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Hulu’s ‘Candy’ Renews Interest in the Dallas Home Where a Housewife Was Butchered

Hulu / Realtor.com

When a young housewife’s body was discovered mutilated in her own home, the gruesome crime sent shockwaves through the small Dallas suburb where she lived. Residents began locking their doors. Some speculated it was a drifter.

Few could believe that a popular, church-going mother of two, Candy Montgomery, had struck her friend Betty Gore 41 times with an ax and then took a shower in the home to wash off all the blood.

Gore’s mutilated body was discovered in the utility room of her nondescript, single-level, brick home in Wylie, TX, on Friday the 13th of June 1980. Montgomery, who had an affair with Gore’s husband, Allan, claimed she killed Betty in self-defense after Betty confronted her about the affair. Montgomery was acquitted by a jury.

Forty years later, the shocking ax murder is back in the spotlight with the release of a five-part Hulu series titled “Candy.” Starring Jessica Biel, the series is slated to premiere on Monday. HBO Max is reportedly working on its own limited series called “Love and Death,” starring Elizabeth Olsen. No release date has been announced.

The home of Betty and Allan Gore and their two young children has sold at least a half-dozen times since the murder. Most recently, the newly renovated, three-bedroom, two-bathroom house was listed in March of this year for $344,900 and sold a few weeks later—for over the asking price, according to the seller’s real estate agent. A couple purchased the house.

“It looks like a normal house,” says local real estate agent Darla McMullen, of Monument Realty. She represented the sellers in the sale and had represented them when they bought it in 2020. “It’s been remodeled enough that it’s a different flow” from when the murder happened.

Famous murder homes rarely sell quickly—or for more than the list price. Often these properties linger on the market and close at a 10% to 25% discount, depending on the severity of the crime and how much publicity it received, says real estate appraiser Randall Bell, CEO of Landmark Research Group.

“When [the crime is] more graphically violent, it tends to have a more negative effect on the property values,” says Bell. He specializes in this kind of real estate where a tragedy or disaster occurred. “Some of these cases can linger on for decades or even centuries.”

The location of the home might also worsen the stigma. Murders are more common in big cities than in small towns, where it can be the biggest news for decades.

However, that might not matter much in such a hot real estate market where buyers can’t find homes for sale due to a severe housing shortage, says McMullen. Her clients bought the Gore home sight unseen in September 2020 as they were relocating from out of state. They paid $251,750, according to McMullen and property records. After a year and a half, they sold the property, as their family had expanded and they needed more space.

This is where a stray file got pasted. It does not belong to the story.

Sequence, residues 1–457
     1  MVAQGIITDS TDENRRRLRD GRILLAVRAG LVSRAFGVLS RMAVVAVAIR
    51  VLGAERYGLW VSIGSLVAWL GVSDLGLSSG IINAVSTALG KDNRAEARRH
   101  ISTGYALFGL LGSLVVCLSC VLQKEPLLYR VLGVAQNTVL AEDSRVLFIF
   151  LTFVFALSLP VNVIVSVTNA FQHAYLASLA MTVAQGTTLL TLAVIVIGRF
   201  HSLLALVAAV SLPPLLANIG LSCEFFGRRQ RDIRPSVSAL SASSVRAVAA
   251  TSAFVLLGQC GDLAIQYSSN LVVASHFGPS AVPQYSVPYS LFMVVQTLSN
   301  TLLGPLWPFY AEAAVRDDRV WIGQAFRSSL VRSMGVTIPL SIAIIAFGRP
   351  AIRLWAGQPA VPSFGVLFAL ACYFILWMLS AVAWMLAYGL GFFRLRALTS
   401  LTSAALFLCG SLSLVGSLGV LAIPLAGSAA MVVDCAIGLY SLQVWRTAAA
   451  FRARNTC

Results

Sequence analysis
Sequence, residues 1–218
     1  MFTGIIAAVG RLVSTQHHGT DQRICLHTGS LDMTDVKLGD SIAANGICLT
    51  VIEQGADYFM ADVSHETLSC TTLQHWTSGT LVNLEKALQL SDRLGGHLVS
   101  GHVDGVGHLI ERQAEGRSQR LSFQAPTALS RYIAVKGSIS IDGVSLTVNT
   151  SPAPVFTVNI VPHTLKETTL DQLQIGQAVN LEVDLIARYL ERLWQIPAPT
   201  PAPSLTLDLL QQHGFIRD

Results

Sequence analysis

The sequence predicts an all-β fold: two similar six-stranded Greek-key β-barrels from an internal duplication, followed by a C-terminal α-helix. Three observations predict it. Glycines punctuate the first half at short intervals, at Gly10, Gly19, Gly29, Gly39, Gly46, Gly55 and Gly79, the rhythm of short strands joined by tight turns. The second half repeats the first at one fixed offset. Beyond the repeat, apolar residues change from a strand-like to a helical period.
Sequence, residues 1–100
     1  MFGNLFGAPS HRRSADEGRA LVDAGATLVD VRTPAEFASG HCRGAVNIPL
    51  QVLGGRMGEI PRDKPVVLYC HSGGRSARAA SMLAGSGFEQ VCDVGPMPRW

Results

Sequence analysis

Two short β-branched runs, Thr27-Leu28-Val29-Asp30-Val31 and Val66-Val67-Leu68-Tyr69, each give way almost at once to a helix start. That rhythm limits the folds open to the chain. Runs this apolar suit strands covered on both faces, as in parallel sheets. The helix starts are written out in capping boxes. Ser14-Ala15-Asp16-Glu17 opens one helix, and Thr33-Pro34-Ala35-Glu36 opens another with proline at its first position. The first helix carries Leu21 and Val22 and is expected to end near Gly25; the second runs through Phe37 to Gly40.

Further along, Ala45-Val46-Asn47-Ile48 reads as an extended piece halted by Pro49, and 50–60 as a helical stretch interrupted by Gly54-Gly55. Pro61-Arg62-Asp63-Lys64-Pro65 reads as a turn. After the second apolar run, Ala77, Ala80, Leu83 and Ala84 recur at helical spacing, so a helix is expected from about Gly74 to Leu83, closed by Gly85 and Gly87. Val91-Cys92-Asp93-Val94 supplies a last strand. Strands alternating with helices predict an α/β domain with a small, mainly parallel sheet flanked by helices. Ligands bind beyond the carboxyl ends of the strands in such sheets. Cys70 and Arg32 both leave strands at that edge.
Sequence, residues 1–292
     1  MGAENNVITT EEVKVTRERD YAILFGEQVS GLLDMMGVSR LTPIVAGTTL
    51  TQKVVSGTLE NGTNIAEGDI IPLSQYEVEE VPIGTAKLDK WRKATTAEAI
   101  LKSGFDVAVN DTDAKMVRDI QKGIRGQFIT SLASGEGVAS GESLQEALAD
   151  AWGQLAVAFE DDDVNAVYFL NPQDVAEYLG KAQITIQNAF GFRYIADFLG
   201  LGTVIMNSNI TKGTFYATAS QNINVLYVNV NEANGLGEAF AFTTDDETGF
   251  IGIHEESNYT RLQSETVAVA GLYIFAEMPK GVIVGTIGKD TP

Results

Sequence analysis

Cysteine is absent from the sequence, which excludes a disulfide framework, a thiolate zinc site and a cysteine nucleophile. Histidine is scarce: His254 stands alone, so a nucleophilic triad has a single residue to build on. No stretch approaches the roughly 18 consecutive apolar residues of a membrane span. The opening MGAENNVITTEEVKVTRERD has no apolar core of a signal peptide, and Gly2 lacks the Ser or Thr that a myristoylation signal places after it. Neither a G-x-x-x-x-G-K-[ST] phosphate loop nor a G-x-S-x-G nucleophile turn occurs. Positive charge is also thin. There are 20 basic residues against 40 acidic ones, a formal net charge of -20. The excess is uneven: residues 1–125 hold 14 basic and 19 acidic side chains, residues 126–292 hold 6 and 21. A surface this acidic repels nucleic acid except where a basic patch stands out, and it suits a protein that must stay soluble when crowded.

“They didn’t have any clue about [the history] when they fell in love with the house,” she says. And when they learned of it, they weren’t deterred. Apparently, one of them had grown up in a home whose previous owner had been a serial killer.

It was only at the end of their tenure in the home, with the news of the Hulu and HBO Max shows, that folks began driving by and taking photos of the property.

McMullen disclosed Gore’s death in the listing this March. But it didn’t turn off prospective buyers: More than 40 folks attended the recent open house. Several put in offers over the asking price, she says.

The house, which sits on a fifth of an acre, has granite countertops, vaulted ceilings in the living room, and a patio, according to Realtor.com®.

“It’s beautiful,” McMullen says of the property. “I never felt weird or anything” being inside.

This isn’t the first time that Hollywood explored the gruesome crime. Two journalists published the book “Evidence of Love: A True Story of Passion and Death in the Suburbs” in 1984. It served as a basis for the TV movie “Killing in a Small Town.” Actress Barbara Hershey, who played a fictionalized version of Montgomery, won an Emmy and a Golden Globe award for her performance.

Betty Gore, a fifth-grade teacher, was just 29 when she was killed. Her husband reportedly moved away from Wylie and remarried, but that relationship ended in divorce, according to the Dallas Morning News. The couple’s daughters were raised by Betty’s mother.

Montgomery also divorced. She moved to Georgia and became a family counselor, according to the Daily Mail.

The post Hulu’s ‘Candy’ Renews Interest in the Dallas Home Where a Housewife Was Butchered appeared first on Real Estate News & Insights | realtor.com®.

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